What started as a small party scene in the Bronx 40 years ago has grown into a multi-billion-dollar juggernaut industry. Hip-hop is now the number-one-selling music genre in the world. And the road it has taken hasn’t always been smooth. Our cast takes us on a journey from hip-hop’s infancy all the way to its current state as a global superpower. As part of Complex’s Get Money initiative, the eight-part series Rules to This Sh*t covers the trials and tribulations of embarking on a rap career, with words of wisdom from Common, N.O.R.E., Too Short, the late Nipsey Hussle, and more.
After taking a look at life on the road for the sixth episode of Rules to This Sh*t, the seventh installment takes a look back on the history of hip-hop as a whole. From its start in the ‘70s with MCs running house and block parties, to becoming arguably the most popular genre in popular music, hip-hop has produced a lot of history in a short amount of time.
“It wasn’t just the music, it wasn’t just the performance, it was everything that started expanding from that,” explained the late Reggie Ossé, a.k.a. Combat Jack. “How we started dressing, how we started playing with language.” With how young hip-hop is when compared to so many other genres of popular music, it also makes it easy to really study its rich history. “I think studying your history of music is the biggest part of music,” added rapper Domani Harris. “I always said, if you wanna go down in history, be a legend like these people, why would you not wanna listen to the legends already?”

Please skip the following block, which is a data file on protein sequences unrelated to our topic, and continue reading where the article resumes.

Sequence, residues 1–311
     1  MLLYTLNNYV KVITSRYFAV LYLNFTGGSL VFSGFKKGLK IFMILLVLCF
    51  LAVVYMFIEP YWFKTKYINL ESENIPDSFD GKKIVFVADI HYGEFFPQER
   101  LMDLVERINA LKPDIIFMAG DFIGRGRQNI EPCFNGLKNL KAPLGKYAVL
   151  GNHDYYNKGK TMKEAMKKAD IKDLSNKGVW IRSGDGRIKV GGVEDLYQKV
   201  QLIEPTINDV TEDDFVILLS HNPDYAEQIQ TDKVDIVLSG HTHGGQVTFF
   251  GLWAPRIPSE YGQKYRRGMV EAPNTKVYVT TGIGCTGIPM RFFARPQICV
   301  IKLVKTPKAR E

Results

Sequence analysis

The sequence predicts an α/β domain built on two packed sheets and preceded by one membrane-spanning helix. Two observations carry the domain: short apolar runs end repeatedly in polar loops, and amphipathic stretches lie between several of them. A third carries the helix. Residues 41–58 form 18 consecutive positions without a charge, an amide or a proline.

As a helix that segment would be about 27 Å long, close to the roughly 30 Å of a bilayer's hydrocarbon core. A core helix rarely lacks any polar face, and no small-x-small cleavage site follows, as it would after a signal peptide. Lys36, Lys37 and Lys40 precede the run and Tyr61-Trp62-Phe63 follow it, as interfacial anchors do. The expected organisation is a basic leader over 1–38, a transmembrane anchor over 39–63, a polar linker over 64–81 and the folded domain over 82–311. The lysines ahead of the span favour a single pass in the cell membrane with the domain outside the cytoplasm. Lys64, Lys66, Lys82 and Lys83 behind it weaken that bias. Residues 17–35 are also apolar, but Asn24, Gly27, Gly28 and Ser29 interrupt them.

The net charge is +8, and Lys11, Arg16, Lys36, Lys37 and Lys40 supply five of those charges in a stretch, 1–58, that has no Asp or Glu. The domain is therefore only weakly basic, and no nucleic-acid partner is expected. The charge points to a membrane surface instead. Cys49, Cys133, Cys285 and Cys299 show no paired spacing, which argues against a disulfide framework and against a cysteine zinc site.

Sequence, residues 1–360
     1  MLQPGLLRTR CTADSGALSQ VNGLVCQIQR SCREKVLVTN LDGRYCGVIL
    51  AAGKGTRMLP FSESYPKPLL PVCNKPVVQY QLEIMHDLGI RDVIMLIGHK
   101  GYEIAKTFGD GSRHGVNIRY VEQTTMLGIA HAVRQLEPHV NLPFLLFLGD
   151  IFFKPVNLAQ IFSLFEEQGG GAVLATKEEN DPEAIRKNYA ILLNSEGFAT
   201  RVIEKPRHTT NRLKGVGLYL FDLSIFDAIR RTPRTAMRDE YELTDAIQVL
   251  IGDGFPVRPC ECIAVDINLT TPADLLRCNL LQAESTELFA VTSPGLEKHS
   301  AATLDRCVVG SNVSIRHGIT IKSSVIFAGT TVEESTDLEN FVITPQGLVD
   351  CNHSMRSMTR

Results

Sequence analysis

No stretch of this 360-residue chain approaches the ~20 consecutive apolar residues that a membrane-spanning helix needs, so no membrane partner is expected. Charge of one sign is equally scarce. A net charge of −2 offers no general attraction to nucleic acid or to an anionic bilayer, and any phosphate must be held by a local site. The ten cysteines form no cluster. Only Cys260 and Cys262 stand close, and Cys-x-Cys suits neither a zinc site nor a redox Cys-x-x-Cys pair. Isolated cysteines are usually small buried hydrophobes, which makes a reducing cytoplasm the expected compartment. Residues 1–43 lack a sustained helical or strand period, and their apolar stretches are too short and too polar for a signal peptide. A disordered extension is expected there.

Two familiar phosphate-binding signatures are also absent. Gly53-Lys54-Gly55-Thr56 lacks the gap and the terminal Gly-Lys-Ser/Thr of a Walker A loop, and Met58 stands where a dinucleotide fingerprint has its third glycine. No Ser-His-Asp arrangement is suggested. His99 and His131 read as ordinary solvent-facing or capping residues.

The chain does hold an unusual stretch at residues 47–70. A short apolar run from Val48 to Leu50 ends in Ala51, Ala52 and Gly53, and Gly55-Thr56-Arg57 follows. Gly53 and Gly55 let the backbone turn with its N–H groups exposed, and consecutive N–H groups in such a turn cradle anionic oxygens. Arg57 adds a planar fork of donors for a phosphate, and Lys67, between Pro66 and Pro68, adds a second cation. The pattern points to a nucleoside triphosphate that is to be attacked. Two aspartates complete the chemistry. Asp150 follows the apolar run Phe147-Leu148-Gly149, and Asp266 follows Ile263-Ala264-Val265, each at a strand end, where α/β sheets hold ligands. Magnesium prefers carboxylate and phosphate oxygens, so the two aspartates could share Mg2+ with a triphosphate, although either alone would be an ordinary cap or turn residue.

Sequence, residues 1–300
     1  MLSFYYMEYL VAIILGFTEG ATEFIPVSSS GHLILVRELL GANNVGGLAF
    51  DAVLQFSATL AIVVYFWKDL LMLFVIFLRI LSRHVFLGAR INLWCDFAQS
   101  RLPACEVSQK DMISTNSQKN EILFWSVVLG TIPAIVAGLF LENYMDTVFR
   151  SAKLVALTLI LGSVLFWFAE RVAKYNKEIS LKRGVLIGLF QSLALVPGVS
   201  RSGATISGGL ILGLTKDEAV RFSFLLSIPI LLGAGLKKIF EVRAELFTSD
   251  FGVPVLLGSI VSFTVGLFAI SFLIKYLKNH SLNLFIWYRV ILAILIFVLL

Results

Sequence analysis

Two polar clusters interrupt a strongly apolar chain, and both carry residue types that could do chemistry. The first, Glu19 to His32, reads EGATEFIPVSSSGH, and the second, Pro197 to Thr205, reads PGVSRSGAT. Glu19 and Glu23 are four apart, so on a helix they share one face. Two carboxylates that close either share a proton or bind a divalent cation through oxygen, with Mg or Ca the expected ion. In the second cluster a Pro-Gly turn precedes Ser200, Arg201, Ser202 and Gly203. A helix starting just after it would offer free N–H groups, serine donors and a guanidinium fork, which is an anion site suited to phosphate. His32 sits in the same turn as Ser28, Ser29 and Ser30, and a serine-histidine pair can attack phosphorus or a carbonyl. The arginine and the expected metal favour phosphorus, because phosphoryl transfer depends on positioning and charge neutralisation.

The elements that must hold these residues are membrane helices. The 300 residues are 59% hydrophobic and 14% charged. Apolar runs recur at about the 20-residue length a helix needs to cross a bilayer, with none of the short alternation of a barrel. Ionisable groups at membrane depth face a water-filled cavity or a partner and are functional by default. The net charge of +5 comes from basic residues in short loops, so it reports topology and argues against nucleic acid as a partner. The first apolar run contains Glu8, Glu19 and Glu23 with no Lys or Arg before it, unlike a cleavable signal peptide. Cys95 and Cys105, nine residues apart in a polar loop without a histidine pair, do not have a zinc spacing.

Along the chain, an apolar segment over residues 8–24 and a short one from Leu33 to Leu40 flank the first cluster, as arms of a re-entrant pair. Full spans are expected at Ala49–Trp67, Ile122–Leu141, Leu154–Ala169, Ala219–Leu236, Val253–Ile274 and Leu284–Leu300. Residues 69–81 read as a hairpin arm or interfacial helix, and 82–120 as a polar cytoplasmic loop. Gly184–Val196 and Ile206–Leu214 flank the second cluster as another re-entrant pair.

Elsewhere in the episode, producer and rapper D-Dot reflected on how he feels about other cultures offering their take on the genre. “My feelings on the success of other cultures within hip-hop, that technically is supposed to be a Black artform, I have absolutely zero problem with,” said D-Dot, who highlighted the technical skill of Eminem. “See the problem with some of the white rappers that came in the game, they didn’t stay white, they tried to be us.”
Common shared his thoughts on hip-hop becoming a worldwide phenomenon. “When you see hip-hop touching Africa and Japan, Germany and France, you see it in Brazil… You recognize how valued our culture and who we are is.”
Watch the seventh episode of Rules to This Sh*t above.